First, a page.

Companies should monitor government and organizational opportunities for support and how they may best serve the individual circumstances of their organization. For instance, the Department of Labor and Employment (DoLE) has said that a P1.3-billion financial assistance program will be given for workers affected by the enhanced community quarantine in Luzon. Under the COVID-19 Adjustment Measures Program, each worker will receive P5,000 in cash to be processed through the companies’ payroll system. Companies should monitor the availability of these kinds of programs and use them to mitigate the risks they face.

Once companies have solidified strategies based on stress tests and communicated any new directions with relevant stakeholders, they will need to execute revised plans while monitoring what continues to be a fluid situation. Senior management should report any material deviation from the plan in a timely manner so that their companies can take additional action to avoid further negative impact. Once the COVID-19 pandemic is controlled, companies will want to review and assess business continuity plans. If there are deficiencies, identify root causes, whether it’s timeliness of action, a lack of infrastructure, labor shortages, or external environment issues. Companies will then want to consider putting new internal guidelines in place based on lessons learned, as well as solid contingency plans to build resilience and better respond to future crises.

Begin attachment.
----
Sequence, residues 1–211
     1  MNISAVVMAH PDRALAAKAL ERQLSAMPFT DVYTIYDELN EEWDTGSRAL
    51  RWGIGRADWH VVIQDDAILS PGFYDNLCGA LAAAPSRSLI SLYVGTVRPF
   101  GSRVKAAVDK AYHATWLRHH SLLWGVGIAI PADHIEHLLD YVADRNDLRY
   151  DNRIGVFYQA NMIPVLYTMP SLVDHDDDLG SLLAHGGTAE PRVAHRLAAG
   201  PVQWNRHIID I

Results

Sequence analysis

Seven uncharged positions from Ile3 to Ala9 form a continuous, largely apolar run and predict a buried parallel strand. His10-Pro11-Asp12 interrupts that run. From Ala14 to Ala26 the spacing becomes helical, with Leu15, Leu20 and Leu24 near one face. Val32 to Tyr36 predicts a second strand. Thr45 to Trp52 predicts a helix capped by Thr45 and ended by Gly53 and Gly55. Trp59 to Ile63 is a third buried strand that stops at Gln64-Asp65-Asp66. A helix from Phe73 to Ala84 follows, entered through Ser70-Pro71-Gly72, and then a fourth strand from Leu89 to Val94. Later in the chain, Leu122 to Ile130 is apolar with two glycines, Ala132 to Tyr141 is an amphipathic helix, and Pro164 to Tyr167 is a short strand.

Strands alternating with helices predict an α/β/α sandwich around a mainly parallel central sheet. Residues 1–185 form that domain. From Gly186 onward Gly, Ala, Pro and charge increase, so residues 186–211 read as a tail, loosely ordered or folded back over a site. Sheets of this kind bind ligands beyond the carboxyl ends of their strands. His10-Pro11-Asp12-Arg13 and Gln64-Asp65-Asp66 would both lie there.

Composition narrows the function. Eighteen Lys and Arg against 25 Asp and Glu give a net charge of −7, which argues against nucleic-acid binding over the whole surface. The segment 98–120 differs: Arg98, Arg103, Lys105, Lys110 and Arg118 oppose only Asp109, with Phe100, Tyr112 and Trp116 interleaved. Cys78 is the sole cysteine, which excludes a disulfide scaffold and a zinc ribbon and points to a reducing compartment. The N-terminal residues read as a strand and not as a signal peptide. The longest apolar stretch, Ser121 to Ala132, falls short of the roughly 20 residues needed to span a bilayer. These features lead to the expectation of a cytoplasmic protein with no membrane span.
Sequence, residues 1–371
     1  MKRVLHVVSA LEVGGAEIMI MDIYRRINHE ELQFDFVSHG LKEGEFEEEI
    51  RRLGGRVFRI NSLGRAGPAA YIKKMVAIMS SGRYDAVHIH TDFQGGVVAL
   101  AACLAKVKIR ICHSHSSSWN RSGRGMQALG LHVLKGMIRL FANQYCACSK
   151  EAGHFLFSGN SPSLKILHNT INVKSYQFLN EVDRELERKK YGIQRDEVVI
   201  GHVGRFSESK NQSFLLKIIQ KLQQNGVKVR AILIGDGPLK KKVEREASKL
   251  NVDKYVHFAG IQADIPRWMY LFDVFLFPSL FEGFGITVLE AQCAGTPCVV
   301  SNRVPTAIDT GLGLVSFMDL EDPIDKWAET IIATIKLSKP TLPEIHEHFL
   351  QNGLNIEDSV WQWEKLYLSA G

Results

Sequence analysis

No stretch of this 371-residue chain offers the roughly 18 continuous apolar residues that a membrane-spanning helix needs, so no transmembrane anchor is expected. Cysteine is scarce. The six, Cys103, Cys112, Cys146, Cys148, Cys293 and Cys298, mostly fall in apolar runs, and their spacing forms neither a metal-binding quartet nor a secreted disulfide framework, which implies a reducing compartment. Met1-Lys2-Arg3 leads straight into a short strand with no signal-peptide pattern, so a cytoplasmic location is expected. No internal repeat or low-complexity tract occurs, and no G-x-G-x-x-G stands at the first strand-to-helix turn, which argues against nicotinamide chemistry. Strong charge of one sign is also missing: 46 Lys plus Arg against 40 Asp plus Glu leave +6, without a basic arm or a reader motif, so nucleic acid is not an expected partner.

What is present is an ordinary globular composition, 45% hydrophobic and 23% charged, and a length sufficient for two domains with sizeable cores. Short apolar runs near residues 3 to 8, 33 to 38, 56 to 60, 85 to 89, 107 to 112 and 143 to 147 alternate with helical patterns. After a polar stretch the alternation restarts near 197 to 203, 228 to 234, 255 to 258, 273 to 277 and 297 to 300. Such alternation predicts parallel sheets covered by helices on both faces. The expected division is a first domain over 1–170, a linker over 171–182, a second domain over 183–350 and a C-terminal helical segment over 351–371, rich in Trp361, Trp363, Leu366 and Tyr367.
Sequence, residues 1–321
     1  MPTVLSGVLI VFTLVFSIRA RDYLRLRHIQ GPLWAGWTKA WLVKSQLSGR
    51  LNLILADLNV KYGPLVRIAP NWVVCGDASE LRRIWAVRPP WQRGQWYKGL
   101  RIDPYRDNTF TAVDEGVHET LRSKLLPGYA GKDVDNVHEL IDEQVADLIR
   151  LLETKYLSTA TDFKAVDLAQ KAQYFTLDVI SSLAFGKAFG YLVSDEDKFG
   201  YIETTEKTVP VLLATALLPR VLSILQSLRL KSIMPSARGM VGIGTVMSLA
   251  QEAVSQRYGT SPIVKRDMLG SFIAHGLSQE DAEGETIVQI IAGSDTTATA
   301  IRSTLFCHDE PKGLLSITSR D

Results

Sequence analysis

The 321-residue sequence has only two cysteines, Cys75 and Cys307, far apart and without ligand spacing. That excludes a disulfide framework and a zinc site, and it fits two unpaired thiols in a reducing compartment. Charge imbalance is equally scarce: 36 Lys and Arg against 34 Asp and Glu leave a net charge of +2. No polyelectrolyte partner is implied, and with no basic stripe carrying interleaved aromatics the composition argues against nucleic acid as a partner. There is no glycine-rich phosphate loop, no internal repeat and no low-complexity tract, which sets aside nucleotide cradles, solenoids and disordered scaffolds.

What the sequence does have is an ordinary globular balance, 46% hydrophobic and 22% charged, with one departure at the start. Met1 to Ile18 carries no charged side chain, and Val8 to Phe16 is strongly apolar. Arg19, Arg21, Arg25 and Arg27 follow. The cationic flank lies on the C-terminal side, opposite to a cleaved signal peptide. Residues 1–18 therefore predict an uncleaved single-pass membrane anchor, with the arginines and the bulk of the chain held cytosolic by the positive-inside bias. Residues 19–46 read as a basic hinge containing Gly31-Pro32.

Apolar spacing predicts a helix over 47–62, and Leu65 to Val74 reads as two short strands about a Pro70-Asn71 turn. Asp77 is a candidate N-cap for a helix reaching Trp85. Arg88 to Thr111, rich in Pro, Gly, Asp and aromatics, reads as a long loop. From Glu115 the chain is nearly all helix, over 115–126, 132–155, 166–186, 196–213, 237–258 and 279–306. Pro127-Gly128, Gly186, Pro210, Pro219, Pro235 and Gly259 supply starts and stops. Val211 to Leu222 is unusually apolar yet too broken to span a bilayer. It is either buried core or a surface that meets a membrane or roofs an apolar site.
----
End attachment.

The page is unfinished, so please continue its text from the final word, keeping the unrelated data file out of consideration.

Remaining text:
As a black swan event, the COVID-19 crisis is impossible to predict. However, there are many lessons companies can learn and carry forward once the crisis has passed and a chance is provided to analyze their response. In the meantime, companies should be making decisions and taking action during this crisis with recovery in mind. When the crisis is over, it will be clear which companies have the resilience and agility to reshape their business strategy to thrive in the future.

This article is for general information only and is not a substitute for professional advice where the facts and circumstances warrant. The views and opinion expressed above are those of the author and do not necessarily represent the views of SGV & Co.


Editha Viray-Estacio is a Partner from the Transaction Advisory Services of SGV & Co.